Apr 17, 2020
Read in 5 minutes
“You’re not a real developer unless you use Vim”. A bit harsh, but is it true?
Well, it’s certainly a useful thing to know. A text editor created originally for the Unix operating system, Vi (short for visual) and its successor Vim (Vi improved) is pretty much everywhere.
There’s not an operating system out there that won’t run it. But there may well be ones that don’t support your favourite text editor – particularly if you’re using a remote machine that doesn’t have a graphical user interface (GUI).
If you’re logged into a remote server, a text editor like Atom or Notepad might not be there to help you. And if you’re thinking of using your mouse you can probably forget that, too. So, if you’re reliant on both of those, you’re pretty much stuffed.
Know Vi(m), though, and you’ll have the tool to survive in the harsh GUI-less environment, where only your wits and your keyboard are on hand to save you…
At Seccl, we’re lucky enough to have a subscription to Udemy, the fantastic online video learning platform.
The whole team is encouraged to use it to pick up new skills or brush up existing ones – and so far we’ve clocked up nearly 60 hours of learning since we started using it in February.
There are more than 100,000 online courses to choose from, so it’s no surprise that one of them is a ‘Vim Masterclass’. And with 15,382 students already enrolled, I guess we’re in good company.
So we spent the majority of our lunch hour following the first few classes on Rhymes’s machine.
One of the common challenges that people face when getting stuck into Vim is, well, just that – they get stuck.
Sam, our front-end engineer, revealed that he’d “never used Vim before until about six weeks ago, when someone showed me how to use it. They left me alone for about 15 minutes and I’d wanted to exit, but I was stuck inside.”
Don’t worry, Sam, you’re not alone in the struggle. More than 2 million people have wondered how on earth to leave, since the question was first posed on Stack Overflow over 7 years ago.
And so we focused this time on getting to grips with the absolute basics: understanding Vim’s different modes, learning how to create and save a new file, navigating within it – and, crucially, getting out.
Vim has a few different modes to be aware of. Normal, or ‘command’ mode, is the default mode that you’re in when you first enter vim.
It’s from here that you can issue commands. Just hit : and you’ll enter ‘command line’ mode – you can now type whatever command it is that you want to issue.
Then there’s ‘Insert’ mode. This allows you to insert and edit text within a file. To get here just hit i – it’ll show –INSERT– at the bottom of your terminal to confirm that you’ve entered it.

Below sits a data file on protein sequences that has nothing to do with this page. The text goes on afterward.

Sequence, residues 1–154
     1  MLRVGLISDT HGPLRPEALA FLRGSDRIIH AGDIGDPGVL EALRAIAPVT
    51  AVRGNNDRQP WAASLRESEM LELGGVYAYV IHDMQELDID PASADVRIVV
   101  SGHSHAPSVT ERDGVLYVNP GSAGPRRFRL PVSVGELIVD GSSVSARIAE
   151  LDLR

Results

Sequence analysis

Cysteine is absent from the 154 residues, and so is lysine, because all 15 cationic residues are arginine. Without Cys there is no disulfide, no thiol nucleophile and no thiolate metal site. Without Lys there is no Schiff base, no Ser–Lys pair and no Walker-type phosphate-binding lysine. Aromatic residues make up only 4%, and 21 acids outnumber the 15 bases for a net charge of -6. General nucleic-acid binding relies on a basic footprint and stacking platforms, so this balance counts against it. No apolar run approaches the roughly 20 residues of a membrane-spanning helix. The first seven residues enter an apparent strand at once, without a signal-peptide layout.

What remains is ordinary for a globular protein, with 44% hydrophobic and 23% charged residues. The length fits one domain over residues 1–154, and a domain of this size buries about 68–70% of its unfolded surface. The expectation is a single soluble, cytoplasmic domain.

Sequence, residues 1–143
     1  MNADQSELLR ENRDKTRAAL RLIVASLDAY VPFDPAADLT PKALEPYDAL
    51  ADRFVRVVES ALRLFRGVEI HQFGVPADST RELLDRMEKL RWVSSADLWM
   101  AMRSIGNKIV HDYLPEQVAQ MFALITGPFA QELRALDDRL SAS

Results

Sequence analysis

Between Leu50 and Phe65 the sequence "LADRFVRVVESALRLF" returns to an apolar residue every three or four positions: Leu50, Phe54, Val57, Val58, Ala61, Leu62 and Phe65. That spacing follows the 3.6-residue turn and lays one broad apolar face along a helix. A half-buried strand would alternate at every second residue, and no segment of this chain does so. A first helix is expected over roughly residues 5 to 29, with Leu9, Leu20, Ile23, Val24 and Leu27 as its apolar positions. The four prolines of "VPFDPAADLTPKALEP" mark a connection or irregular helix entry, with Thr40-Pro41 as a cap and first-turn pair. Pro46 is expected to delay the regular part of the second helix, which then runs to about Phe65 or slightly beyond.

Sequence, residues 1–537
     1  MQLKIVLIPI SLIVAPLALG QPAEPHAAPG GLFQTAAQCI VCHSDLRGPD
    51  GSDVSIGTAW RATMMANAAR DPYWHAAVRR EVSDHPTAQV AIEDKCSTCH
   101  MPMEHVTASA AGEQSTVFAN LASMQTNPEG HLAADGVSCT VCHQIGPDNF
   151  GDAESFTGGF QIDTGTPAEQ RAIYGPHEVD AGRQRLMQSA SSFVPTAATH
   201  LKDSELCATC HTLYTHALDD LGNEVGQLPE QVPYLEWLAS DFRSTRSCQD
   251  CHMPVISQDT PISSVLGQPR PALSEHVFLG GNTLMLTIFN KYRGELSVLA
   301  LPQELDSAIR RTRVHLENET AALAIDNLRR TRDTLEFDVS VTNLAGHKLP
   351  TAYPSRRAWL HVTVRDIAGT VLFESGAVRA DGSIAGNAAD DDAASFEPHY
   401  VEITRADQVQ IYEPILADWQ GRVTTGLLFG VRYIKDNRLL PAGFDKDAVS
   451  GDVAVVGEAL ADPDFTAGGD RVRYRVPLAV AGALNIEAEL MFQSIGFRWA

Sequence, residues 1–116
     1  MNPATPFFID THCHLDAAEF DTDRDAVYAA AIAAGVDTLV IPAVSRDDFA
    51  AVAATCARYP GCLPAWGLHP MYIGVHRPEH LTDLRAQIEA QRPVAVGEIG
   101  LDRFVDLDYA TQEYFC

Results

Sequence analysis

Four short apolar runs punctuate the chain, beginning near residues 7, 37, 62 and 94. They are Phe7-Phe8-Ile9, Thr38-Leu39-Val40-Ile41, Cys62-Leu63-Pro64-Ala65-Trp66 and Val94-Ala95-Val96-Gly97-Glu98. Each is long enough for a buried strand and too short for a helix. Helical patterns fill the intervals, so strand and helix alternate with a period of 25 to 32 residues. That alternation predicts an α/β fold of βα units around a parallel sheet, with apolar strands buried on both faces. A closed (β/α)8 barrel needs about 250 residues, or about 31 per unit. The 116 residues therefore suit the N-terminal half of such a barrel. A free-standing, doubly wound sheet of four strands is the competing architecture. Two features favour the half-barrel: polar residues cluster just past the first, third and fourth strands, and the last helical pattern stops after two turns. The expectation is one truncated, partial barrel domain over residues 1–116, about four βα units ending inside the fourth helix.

Insert mode is like the default mode for most text editors – it’s where you can actually insert and edit text. The reason Vim doesn’t default to this mode is because there’s no GUI. So Normal mode is, in a way, a replacement for the mouse and menu bar – your way of navigating around and between files. This handy blog explains it pretty well.
To return to normal mode at any time, just hit Esc.
And to exit Vim? It’s :q. Q for quit. To be fair to Vim, it does say it on the first screen…
Next we learned how to create a file, or navigate to an existing one. It’s as simple as vim [FILENAME].
Creating a file automatically places you within it so you can insert your content. To save and quit it’s esc (to enter normal/command mode) followed by :wq.
If you try and quit :q without saving your changes, it won’t let you. But if you want to quit and discard your changes, you can use :q!
Then we learned all the ways of navigating around a file, using only the keyboard:
control f – forward (page down)
control b – back (page up)
w – forward one word (includes punctuation)
W – forward one word (ignores punctuation)
b – back one word (includes punctuation)
B – back one word (ignores punctuation)
^ – beginning of a line
$ – end of a line
gg – beginning of file
G – end of file
:[line number] – takes you to that line
h – move to the left
l - move to the right
k - move up
j - move down
By then, weary of classroom learning (in retrospect, learning and lunch are deeply incompatible), and daunted by the fact that we’ve barely scratched the surface, we decided to apply our new and very limited knowledge in a game.
Vim Adventures lets you practice your navigation commands in a fun way that won’t put much pressure on your computer’s graphics card… Throw in the group competition element and you’re onto a winner.
In the words of our friendly and knowledgeable Udemy teacher, “even if you’re not trying to make Vim fun, it can be a joy to use.” It’s early days on that one – but we’ll see!